For Karen Bartel, baking cookies is more about helping her church than indulging culinary interests.
Bartel, 71, of west Davenport, enjoys helping and doing. She attributes her energy to having ADHD, or attention deficit with hyperactivity disorder, and her mother's insistence, early on, that she use her energies constructively. A pacemaker implant in September hasn't slowed her down.
Bartel retired in 2010 as an accountant for the Defense Finance and Accounting Service on Arsenal Island, and she puts her math skills to good use as the treasurer for four groups associated with her church.
She also sings in the choir and keeps up with the comings and goings of her eight grandchildren and eight great-grandchildren.
"I believe she is the driving force, behind the scenes, in a great many lives," her daughter, Dawn Bartel, said.
Karen Bartel grew up in Davenport and attended what is now the University of Northern Iowa before leaving to get married. After nine years and the births of three daughters, she was divorced.
She raised the girls by herself while working at the Arsenal, getting in on the ground floor of computer technology and helping with programming until IT departments were established.
For 12 years — from the late-1970s until 1990 — she also attended classes at St. Ambrose University to earn two bachelor's degrees, one in business administration and the other in accounting. To make time for class, she sometimes scaled back to three-fourths time employment, but she always brought home a paycheck.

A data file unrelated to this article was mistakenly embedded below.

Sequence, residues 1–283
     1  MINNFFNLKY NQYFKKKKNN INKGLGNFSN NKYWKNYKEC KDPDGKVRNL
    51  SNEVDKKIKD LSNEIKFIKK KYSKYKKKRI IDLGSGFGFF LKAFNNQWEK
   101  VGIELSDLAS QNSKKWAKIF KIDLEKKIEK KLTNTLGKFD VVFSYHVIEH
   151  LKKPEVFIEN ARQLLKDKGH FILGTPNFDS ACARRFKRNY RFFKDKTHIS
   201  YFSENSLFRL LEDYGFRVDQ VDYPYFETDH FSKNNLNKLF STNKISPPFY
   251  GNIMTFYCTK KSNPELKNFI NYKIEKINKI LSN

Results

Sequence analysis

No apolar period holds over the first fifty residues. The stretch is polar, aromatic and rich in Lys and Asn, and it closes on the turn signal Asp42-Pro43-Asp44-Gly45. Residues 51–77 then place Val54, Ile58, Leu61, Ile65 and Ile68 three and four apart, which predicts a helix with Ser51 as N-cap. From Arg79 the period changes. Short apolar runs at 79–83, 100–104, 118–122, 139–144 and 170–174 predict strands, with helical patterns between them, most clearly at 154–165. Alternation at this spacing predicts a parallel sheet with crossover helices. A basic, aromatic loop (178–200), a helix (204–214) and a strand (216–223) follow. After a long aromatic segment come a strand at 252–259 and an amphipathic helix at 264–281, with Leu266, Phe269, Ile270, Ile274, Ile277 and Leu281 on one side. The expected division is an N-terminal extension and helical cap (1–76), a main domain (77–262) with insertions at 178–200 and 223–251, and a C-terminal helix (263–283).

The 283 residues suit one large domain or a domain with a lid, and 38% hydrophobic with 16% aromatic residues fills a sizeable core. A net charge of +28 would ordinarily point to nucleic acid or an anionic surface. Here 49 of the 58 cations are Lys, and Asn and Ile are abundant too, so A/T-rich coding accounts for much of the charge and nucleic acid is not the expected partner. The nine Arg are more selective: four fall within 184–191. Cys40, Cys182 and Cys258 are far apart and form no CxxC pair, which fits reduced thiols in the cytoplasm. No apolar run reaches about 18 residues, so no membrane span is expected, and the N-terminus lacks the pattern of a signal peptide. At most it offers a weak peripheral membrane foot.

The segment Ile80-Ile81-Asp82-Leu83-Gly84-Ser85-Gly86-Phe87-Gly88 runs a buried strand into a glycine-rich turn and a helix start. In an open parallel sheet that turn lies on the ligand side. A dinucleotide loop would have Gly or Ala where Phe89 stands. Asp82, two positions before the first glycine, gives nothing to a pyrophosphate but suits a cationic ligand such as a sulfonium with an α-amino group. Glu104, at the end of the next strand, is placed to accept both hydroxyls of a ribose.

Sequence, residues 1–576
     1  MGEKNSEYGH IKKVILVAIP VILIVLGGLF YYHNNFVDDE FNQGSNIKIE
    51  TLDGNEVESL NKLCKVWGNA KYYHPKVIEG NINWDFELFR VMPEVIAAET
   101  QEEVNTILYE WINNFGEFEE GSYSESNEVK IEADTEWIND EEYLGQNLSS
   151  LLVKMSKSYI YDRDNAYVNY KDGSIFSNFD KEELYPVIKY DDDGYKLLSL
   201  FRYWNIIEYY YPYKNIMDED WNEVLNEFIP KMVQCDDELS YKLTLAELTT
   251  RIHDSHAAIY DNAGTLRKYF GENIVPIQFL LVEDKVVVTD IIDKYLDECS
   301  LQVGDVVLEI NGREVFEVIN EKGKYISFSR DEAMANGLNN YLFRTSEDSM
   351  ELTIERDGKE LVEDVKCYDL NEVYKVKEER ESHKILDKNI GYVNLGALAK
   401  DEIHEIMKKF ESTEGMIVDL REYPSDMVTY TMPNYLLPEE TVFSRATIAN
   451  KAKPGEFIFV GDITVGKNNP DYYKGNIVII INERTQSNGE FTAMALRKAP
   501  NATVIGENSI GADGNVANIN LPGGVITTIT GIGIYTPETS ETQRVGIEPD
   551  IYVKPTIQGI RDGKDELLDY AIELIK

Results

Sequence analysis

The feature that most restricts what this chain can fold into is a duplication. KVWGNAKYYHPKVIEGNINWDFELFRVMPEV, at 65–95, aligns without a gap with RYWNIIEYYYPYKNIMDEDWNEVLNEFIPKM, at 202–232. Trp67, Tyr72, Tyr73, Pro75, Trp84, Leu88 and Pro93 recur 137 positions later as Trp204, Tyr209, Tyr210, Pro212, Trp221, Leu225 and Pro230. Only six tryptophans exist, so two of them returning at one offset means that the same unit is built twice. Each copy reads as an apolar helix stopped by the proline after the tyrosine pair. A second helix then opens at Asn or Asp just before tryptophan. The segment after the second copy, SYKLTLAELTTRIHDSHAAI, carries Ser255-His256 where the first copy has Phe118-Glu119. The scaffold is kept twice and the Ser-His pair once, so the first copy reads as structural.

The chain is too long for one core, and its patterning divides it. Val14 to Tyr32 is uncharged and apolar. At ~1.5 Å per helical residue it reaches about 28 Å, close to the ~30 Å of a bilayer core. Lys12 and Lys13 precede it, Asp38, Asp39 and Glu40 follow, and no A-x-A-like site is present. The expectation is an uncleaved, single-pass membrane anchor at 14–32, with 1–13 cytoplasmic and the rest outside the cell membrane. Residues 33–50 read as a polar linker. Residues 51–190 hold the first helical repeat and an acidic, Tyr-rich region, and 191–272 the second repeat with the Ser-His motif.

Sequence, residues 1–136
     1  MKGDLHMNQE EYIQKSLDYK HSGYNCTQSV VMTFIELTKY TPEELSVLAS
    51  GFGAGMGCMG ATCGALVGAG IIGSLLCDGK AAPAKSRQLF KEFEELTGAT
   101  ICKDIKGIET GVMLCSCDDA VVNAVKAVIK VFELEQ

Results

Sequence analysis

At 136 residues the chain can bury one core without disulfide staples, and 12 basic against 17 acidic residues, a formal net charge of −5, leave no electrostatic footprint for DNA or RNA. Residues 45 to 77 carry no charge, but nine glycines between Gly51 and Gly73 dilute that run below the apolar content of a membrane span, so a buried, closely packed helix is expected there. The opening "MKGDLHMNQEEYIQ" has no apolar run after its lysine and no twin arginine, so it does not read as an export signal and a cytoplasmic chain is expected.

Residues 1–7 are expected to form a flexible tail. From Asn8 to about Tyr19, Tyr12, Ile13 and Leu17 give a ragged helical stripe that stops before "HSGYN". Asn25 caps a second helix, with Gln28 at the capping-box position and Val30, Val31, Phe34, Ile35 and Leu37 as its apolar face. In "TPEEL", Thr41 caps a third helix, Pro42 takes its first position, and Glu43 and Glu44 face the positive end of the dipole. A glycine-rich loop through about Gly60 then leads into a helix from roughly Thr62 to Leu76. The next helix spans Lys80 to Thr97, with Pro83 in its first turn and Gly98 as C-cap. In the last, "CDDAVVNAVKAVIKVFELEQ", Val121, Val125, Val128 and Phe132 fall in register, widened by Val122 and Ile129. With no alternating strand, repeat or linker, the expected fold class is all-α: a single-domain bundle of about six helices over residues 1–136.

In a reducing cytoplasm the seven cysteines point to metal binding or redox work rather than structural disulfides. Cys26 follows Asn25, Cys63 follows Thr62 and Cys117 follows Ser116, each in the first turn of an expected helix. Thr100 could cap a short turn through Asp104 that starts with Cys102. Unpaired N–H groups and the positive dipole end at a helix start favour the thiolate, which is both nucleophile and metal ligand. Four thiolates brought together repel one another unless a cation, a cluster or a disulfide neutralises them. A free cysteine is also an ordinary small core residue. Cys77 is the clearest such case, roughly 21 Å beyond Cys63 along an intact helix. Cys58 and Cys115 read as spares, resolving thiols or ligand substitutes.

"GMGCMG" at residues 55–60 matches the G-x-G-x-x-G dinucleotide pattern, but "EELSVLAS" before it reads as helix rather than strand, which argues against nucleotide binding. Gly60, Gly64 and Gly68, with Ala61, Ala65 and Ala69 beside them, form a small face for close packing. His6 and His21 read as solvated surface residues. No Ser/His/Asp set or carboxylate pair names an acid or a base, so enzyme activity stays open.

She and her daughters "made this contract," Bartel said of her return to college.
"You guys will help with the housework and not get into trouble, and I will make all of your events," she said. Along the way, she coached softball and soccer.
Bartel wanted a degree to better herself, as well as to set an example. In 1995, she earned her MBA (master of business administration), and all three daughters ended up with college degrees.
"Our deal was, as far as you want to go (in pursuing an education), I will stick with you. But once you stop, or fail, I'm done."
Shortly after she dropped off her youngest daughter at college in the fall of 1998, Bartel applied for an assignment in Germany.
In January of 1999, she moved to Kaiserslautern, Davenport's sister city, and began a nine-year stint that is one of the highlights of her life.
Looking around her living room, one sees that she put her time in Europe to good use, traveling to many sites. On the walls are pictures of the Roman basilica in Trier, the skyline of Prague and the tulips of the Netherlands.
The basilica in Germany was a favorite. "To go up and touch it and to know that it was been there for 2,000 years ..., " she said, her voice trailing off.
In 2005, Bartel returned home to care for her aging mother, then father, both of whom have since passed away.
Asked about her bucket list, she replies: "I've never been to North Dakota."
She envisions a grand tour of the American West, traveling north through Montana, then dropping down through California, then east to Arizona and back. "I would love to do Route 66," she said.